It turns out that, as a consequence of all the brouhaha over the embezzlement of millions by a former treasurer of the Church, ECUSA was required by the Attorney General of New York to do an audit of its funds held in trust. As part of the audit, it agreed "to prepare an annual trust fund book and promptly provide copies of it to members of the church who request it." Now, this was news to me; I had not seen any such "annual trust fund book". I went looking for it on ECUSA's official Website, and what do you know -- I found it. (Caution -- the link is to a 308-page .pdf download of the last such book published, for calendar year 2007 [the most recent year for which there are audited figures]).

This "Annual Trust Funds Book" provides a wealth of information about the wealth of the Domestic and Foreign Missionary Society of the Protestant Episcopal Church in the United States of America -- which is the official name of the incorporated arm of ECUSA, organized under New York law in 1846 (but existing in earlier form ever since 1820). The DFMS was modeled on two similar predecessors established under the Church of England: the Society for the Propagation of the Gospel in Foreign Parts, and the Society for Promoting Christian Knowledge. In accordance with those models, the main purpose of the DFMS was to facilitate the work of missionaries and the spread of Church missions both domestically and in foreign countries, and it was through its efforts that ECUSA became a national church that affiliated over the years with a number of foreign dioceses.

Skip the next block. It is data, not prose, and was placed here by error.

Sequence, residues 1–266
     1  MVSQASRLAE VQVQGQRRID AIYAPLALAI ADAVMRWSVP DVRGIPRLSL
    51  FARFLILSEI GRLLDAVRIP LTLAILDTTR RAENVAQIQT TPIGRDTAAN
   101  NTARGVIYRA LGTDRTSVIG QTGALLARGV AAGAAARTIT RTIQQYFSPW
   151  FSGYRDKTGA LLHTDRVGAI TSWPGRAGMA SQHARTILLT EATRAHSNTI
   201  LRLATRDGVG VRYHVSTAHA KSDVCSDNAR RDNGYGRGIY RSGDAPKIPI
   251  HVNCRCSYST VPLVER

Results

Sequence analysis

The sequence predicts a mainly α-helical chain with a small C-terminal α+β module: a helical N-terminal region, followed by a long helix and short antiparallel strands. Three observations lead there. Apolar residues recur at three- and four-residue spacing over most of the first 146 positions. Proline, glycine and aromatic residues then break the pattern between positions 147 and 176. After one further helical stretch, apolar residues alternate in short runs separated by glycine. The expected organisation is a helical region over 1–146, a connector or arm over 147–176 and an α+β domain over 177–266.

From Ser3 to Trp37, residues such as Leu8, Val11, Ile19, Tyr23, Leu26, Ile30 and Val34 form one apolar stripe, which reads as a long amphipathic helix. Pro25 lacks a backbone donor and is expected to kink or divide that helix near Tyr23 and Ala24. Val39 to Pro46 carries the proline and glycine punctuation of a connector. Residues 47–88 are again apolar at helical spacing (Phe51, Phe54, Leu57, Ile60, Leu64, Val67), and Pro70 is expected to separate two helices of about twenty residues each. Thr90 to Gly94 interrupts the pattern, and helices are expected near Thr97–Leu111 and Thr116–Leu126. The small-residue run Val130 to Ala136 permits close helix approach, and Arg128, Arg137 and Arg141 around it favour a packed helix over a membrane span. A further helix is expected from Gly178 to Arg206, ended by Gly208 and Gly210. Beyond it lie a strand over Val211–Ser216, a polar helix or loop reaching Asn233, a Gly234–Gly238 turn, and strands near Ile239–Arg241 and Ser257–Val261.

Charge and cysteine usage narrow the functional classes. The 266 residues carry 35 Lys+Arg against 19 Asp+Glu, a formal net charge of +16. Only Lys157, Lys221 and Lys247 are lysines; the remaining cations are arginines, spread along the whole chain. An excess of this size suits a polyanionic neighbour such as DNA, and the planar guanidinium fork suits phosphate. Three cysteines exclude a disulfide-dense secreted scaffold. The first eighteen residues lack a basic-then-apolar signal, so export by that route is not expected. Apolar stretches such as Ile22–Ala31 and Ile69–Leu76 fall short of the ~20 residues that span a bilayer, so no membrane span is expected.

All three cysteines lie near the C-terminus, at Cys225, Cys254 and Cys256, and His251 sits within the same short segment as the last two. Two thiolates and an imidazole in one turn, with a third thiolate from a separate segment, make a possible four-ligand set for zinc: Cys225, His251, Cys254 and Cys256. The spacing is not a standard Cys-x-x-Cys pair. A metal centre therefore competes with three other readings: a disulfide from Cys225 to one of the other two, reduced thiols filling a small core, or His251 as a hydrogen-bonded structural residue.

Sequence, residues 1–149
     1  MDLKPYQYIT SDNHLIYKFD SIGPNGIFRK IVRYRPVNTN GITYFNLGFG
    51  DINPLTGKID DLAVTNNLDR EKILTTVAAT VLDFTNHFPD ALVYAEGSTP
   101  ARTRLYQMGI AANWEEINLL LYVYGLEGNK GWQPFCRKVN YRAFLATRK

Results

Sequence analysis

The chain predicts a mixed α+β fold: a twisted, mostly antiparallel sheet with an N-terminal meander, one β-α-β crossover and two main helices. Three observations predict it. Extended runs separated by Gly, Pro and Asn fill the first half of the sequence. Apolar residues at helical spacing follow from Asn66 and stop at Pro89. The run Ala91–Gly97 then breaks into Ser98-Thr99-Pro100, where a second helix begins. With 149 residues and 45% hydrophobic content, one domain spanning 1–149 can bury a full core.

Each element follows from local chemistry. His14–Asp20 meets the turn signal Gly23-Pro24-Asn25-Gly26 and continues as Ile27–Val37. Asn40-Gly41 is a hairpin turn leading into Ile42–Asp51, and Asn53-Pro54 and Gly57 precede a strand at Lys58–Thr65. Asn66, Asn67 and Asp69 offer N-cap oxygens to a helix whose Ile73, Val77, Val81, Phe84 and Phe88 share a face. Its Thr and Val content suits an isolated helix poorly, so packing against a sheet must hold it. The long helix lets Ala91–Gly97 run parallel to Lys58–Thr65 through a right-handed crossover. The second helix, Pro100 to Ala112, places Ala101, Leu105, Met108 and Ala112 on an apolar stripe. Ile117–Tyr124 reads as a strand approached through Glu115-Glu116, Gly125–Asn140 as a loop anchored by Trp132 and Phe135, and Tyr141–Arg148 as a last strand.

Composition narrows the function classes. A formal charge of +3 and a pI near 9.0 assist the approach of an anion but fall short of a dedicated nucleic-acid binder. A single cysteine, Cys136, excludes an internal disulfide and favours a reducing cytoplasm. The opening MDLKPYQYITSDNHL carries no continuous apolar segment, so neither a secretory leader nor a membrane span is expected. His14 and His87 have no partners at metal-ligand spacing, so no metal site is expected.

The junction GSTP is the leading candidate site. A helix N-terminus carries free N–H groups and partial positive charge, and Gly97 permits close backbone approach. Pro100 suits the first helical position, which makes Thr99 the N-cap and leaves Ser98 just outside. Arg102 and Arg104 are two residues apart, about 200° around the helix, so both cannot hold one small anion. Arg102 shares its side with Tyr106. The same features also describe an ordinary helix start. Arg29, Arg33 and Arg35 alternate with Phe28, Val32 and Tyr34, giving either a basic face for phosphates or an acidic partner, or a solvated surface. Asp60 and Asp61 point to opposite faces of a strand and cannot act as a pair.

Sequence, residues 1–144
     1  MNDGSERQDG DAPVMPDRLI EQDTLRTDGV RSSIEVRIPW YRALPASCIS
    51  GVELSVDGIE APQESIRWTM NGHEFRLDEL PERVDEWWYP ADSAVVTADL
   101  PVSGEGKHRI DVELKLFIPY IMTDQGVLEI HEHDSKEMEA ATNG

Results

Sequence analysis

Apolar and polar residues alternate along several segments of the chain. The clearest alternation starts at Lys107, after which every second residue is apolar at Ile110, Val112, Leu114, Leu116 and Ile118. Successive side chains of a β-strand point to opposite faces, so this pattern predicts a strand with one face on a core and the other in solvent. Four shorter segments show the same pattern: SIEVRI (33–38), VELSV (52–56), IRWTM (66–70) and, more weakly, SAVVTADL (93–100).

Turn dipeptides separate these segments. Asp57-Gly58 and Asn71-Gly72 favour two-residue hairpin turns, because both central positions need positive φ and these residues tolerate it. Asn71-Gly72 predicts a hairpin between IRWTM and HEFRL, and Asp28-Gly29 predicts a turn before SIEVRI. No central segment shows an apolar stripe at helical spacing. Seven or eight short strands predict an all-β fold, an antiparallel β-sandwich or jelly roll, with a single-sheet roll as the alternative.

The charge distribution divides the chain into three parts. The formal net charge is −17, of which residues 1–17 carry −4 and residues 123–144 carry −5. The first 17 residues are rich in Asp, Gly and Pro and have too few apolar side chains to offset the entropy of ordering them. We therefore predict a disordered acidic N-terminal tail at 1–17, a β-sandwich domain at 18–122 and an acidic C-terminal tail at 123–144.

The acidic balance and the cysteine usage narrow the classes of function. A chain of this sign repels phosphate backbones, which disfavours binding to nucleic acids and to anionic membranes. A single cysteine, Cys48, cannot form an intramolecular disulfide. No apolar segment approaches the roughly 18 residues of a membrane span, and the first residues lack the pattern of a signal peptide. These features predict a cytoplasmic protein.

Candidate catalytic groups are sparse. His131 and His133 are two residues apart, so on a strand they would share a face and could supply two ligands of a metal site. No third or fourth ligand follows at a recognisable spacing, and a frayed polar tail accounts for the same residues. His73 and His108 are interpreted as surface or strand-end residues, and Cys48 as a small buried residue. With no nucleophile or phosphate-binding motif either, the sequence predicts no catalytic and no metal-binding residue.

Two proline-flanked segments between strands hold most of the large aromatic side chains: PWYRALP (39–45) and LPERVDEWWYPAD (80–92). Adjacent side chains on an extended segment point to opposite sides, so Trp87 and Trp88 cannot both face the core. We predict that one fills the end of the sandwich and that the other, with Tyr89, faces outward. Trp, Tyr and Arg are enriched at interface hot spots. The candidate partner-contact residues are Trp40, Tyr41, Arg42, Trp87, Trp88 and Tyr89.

Over those same years, a great deal of money was given to further the missionary work of the DFMS. The 2007 Trust Funds Book reports the total value of all funds it currently holds in trust at $363,218,308 as of the end of that year. All of the individual bequests are pooled into a common investment fund, which is allocated 72% to equities, 20% to bonds (mostly of the United States), and 8% to other types of investment, chiefly hedge funds (see the tabular breakout on page 6).

The Trust Funds Book also lists each separate bequest it tracks, and classifies them by the purpose for which the income from the bequest (and principal, in some cases) may be used. The largest single such category is Category 200: "General Purposes of the Society" (listed at pp. 235-240). The listing in the Helena Resolution quoted above identifies the nine funds by their individual numbers in the main listing of all funds in the book in chronological order (the higher the number, the more recent the gift). Of the nine, six are in Category 200, two are in Category 210 ("Program"), and one in Category 211 ("Domestic Missions"). Here are their individual descriptions as they appear in the main body of the book, again in chronological order:

200.02 St. Leger Fund (1909) A Special
First Section: Two-thirds [Trust Fund No. 200.02] for general missionary work; one-third [Trust Fund No. 200.01] for hospital work in Alaska in memory of Captain Isaac Waite. . .

Shares in Pool: 18,799.212 Category: 210 (Program)
Market Value, 12/31/2006: $428,899 12/31/2007: $452,670

492.00 Hopkins, Mrs. Theresa B., Boston, MA (1936) No. 1, Bequest of
Income to be used for general missions. Principal may be used as well, but only for a pension system for unordained missionaries.